The lux is one lumen/meter2, and accordingly the corresponding radiometric unit, which has no special name, is the watt/meter2. There is no single conversion factor between lux and watt/meter2; there is a different conversion factor for every wavelength, and it is not possible to make a conversion unless one knows the spectral composition of the light.

At a monochromatic light wavelength of 555 nm, the green-colored wavelength to which the eye is most sensitive, the power needed to make one lumen is minimum, at 1.464 mW/m²; that is, the peak of the luminosity function is 683.002 lumens per watt. This means that for green light of this particular wavelength, one lumen = 1/683 watt. The luminosity function falls to zero in the infrared and ultraviolet wavelengths.

For a light source with mixed wavelengths, the number of lumens per watt can be calculated by means of the luminosity function. In order to appear reasonably "white," a light source cannot consist solely of the green light to which the eye is most sensitive, but must include a generous mixture of red and blue wavelengths to which it is much less sensitive.

This means that typical white (or whitish) light sources produce far fewer lumens per watt than the theoretical maximum of 683 lumens per watt. The ratio between the actual number of lumens per watt and the theoretical maximum is expressed as a percentage known as the luminous efficiency. For example, a typical incandescent light bulb has a luminous efficiency of only about 2%.

In reality, individual eyes vary in their luminosity functions. However, photometric units are precisely defined and precisely measurable. They are based on an agreed-upon standard luminosity function which is in fact based on the measurement of eyes and is reasonably close to the sensitivity curve for most eyes.

SI photometry unitsEdit

SI photometry units


Quantity Symbol SI unit Abbr. Notes
Luminous energy Qv lumen second lm·s units are sometimes called talbots
Luminous flux F lumen (= cd·sr) lm also called luminous power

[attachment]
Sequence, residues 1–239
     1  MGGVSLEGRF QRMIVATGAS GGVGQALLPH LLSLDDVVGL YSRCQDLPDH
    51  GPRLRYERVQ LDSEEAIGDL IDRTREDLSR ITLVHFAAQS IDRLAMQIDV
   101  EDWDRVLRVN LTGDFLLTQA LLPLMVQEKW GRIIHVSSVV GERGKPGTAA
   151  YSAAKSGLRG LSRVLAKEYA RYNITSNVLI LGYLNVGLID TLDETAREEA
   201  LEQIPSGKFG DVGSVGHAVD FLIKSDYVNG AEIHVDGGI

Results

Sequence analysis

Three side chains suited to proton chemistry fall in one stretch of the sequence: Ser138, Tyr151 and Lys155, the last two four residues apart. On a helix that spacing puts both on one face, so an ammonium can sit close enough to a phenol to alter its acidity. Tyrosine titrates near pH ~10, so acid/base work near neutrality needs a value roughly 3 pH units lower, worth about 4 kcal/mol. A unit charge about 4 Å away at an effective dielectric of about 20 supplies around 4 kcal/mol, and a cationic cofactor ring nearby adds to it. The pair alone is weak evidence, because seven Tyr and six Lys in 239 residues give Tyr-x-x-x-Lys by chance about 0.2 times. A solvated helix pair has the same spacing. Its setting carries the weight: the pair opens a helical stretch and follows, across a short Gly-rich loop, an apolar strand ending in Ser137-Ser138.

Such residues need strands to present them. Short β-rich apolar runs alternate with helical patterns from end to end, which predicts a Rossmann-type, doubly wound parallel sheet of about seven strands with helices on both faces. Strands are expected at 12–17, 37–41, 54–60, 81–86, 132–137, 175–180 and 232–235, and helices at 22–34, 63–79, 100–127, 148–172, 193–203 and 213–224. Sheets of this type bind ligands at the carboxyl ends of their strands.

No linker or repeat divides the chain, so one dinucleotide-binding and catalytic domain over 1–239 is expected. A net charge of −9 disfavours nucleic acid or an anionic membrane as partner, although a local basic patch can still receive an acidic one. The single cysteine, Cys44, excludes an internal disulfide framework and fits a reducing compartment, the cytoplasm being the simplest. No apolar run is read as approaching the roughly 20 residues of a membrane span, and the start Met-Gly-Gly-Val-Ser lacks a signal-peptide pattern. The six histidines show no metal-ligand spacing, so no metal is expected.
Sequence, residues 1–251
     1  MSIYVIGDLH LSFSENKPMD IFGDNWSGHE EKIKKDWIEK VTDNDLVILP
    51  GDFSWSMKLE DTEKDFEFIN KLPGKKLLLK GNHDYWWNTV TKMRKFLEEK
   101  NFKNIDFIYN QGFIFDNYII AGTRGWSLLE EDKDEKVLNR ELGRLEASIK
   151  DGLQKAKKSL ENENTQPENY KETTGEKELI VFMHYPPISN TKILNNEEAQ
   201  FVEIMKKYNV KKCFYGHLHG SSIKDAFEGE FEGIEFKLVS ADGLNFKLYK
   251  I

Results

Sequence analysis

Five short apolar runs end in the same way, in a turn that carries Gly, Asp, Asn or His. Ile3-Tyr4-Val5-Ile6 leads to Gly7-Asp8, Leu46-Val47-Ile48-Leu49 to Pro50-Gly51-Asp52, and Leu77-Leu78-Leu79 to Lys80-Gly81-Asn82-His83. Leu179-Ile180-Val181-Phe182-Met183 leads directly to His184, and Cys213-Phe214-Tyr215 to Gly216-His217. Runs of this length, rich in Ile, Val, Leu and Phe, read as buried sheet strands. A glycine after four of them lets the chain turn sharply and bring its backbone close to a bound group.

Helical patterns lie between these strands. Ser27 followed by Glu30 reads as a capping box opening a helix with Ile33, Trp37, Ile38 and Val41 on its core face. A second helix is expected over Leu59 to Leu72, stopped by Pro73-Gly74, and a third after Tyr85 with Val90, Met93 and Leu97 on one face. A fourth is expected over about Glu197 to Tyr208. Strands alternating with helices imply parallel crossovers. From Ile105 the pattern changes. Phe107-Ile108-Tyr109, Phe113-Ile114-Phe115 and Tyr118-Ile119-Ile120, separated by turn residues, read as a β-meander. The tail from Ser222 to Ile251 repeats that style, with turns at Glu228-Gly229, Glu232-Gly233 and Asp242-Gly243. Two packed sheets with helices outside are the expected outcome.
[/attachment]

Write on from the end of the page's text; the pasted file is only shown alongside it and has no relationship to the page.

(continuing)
Luminous intensity Iv candela (= lm/sr) cd an SI base unit
Luminance Lv candela per square metre cd/m2 units are sometimes called nits
Illuminance Ev lux (= lm/m2) lx Used for light incident on a surface
Luminous emittance Mv lux (= lm/m2) lx Used for light emitted from a surface
Luminous efficacy   lumen per watt lm/W ratio of luminous flux to radiant flux; maximum possible is 683.002

Non-SI units of illuminanceEdit

Use in consumer camera specificationsEdit

Specifications for camcorders (video cameras) often include a minimum illuminance level in lux at which the camera will record a satisfactory image. A camera with good low-light capability will have a lower lux rating. Still cameras do not use such a specification, since longer exposure times can generally be used to make pictures at very low illuminance levels, as opposed to the case in video cameras where a maximum exposure time is generally set by the frame rate.


  1. Bunning, Erwin, and Moser, Ilse (Apr. 1969). Interference of moonlight with the photoperiodic measurement of time by plants, and their adaptive reaction. Proceedings of the National Academy of Sciences of the United States of America 62 (4): 1018–1022.
  2. Petzl reference system for lighting performance. (html) URL accessed on 2007-04-24.
  3. Sustainable Solutions Pty Ltd (June, 1998), "Chapter 7: Appliance technologies and scope for emission reduction", Strategic Study of Household Energy and Greenhouse Issues, Australian Greenhouse Office,, retrieved on 2007/03/13 
  4. Australian Greenhouse Office (May, 2005), "Chapter 5: Assessing lighting savings", Working Energy Resource and training kit: Lighting,, retrieved on 2007/03/13